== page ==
In the multitude of my anxieties within me, Your comforts delight my soul. Psalm 94:19
At 61 I should have learned this lesson by now. I’ve told you before that I am a very slow learner.
I don’t do rest well. Part of my upbringing was that we always had to be doing something. If we weren’t always doing something, we were lazy.
Life was always a flurry of activity in our house. We were very connected to the church. If the doors were open, we were expected to be there. We never heard about Sabbath rest. Sabbath was just another day to pack in more activity: Church, Sunday School, meetings in the park, youth group, Sunday evening church, and then there was some activity after church. Rest? Not in your life.
But I am learning the hard way that there comes a point of no return when it all this flurry and hurry catches up with you. This is not life the way God intended it to be. Work is very much part of life. God addresses work in the Bible. But He also speaks about rest and the need for it.
Somehow in our own deceived ways, we have bought into the lie that we don’t need to rest. We pack as much into our lives as we can and wonder why we have no energy, why life seems to be flying by, and for some, it is like a merry-go-round that we can’t get off.
Dr. Mark Swenson says that we have failed to build rest and margin into our lives, and sooner or later, it will catch up.
Some of us actually have bought into the lie that we always need to be available. I’ve been there. But Stephen Smith says that “being so available sets us up to live our lives in the illusion that we are more important than we actually are. We think I might be needed. I need to be available I may know something that someone else wants.”
He goes on to say that “Sabbath is humanity’s reminder, every seven days, that through resting, ceasing, and unyoking ourselves from the world and work, we gain something that we cannot have by working harder … We cannot sustain the pace by living in a rhythm that is other that what God has modeled and demonstrated for us … Sabbath is our weekly opportunity to reassess the speed and the trajectory of our lives and make adjustments to stay on course.”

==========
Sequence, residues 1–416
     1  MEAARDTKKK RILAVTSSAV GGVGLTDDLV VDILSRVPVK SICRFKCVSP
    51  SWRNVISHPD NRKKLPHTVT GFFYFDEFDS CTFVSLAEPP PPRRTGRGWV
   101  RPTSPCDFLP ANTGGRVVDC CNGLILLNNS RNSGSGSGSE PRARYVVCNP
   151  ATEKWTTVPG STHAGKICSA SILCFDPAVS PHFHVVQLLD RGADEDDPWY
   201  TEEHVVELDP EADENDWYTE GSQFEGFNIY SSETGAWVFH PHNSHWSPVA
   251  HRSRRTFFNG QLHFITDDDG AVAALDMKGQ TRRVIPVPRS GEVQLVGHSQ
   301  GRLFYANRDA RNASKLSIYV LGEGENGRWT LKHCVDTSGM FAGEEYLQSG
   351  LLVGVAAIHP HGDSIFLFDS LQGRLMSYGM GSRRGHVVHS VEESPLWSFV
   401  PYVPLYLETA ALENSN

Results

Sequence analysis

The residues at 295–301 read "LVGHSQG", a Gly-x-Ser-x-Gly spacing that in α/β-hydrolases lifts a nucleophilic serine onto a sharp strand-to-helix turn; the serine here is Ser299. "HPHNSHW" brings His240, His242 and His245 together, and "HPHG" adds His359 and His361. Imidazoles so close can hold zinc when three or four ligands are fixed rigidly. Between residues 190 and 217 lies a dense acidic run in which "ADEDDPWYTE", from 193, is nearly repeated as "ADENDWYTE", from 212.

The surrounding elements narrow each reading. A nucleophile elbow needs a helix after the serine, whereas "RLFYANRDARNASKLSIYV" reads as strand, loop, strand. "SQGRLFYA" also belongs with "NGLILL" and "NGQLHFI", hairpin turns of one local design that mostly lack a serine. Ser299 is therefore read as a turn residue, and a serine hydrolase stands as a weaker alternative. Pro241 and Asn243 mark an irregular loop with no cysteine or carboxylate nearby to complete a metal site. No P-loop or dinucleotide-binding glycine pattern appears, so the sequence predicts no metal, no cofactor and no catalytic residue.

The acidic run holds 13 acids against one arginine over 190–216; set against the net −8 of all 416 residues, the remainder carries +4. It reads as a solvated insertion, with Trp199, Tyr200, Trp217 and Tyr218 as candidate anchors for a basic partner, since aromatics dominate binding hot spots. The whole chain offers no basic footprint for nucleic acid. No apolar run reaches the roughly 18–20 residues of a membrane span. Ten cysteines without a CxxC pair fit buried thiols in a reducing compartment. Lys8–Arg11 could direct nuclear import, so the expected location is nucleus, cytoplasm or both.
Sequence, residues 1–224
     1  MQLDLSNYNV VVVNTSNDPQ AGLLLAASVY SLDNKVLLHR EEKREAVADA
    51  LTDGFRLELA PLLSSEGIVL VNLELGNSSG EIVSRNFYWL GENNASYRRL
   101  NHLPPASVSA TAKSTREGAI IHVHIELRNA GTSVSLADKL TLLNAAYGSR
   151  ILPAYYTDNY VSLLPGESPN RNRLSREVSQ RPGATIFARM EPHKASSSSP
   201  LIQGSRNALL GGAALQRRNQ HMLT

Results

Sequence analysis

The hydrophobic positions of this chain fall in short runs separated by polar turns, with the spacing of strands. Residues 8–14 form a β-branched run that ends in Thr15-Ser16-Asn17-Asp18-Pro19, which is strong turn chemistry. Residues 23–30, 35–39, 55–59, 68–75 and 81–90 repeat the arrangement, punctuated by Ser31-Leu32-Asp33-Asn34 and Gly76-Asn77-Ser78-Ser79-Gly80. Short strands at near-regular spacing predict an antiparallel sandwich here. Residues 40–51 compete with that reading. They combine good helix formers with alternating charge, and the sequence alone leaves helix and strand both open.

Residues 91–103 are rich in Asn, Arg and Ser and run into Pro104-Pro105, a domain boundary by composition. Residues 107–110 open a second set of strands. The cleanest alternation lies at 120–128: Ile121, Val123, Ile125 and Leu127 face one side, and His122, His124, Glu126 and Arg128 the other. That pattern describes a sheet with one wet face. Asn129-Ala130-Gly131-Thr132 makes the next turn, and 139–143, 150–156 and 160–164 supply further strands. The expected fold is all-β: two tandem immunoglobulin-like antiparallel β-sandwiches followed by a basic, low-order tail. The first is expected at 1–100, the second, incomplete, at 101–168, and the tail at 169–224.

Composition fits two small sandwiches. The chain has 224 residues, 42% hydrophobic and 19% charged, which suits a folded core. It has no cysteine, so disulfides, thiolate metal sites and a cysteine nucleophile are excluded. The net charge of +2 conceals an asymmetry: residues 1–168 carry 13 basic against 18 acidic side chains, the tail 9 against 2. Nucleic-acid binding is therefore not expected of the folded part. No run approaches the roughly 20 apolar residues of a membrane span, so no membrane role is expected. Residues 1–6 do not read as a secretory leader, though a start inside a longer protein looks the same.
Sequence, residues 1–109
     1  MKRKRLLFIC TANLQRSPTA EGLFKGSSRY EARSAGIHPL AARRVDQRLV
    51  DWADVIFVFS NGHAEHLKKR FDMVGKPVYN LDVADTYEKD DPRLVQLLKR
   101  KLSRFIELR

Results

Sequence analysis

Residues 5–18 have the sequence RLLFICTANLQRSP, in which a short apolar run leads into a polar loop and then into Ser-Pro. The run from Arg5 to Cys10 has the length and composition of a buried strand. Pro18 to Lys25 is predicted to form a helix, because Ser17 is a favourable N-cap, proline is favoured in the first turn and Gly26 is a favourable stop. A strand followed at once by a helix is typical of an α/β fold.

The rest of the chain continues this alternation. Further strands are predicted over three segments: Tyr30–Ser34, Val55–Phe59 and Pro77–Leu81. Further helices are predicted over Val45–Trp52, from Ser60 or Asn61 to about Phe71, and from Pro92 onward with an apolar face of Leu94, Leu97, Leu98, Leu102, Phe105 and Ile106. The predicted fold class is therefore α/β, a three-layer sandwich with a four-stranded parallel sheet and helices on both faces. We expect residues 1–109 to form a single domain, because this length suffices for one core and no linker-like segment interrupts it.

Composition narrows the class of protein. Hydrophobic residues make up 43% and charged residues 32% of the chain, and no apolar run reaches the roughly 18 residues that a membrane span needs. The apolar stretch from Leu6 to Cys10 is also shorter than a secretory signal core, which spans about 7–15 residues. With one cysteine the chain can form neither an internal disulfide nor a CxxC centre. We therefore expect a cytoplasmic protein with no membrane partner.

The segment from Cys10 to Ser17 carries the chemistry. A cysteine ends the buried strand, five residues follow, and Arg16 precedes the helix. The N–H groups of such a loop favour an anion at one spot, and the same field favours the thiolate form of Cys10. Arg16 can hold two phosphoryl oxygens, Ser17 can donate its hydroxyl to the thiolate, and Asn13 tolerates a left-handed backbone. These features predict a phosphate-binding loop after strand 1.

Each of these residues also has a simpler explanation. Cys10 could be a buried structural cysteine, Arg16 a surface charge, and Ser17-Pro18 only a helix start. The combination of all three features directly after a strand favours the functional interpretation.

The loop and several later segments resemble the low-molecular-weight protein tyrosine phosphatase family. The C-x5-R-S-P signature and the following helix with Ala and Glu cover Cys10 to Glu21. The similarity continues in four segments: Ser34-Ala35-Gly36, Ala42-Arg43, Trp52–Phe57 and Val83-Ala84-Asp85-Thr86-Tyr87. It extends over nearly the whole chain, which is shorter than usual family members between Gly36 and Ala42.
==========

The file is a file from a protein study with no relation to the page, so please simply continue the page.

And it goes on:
If the God of the universe after spending six days creating the world as we know it, and on the seventh day rested, what makes me think that I can work seven days and not rest?
I am not here to tell you how to do this. Is Sabbath rest for you on Sunday, or is it another day? We don’t have the space to debate all that. BUT I do know this – God wants us to rest and enjoy the recreating our bodies and minds. It’s something to think about.
How do you spend your Sabbath? What have you learned about Sabbath rest that could be a benefit to the rest of us? – Bill Welte is President/CEO of America’s Keswick
Think About This: Consistent availability to people and the world is one of the greatest threats to our soul. Steven W. Smith
This Week’s Verse to Memorize: In the multitude of my anxieties within me, Your comforts delight my soul. Psalm 94:19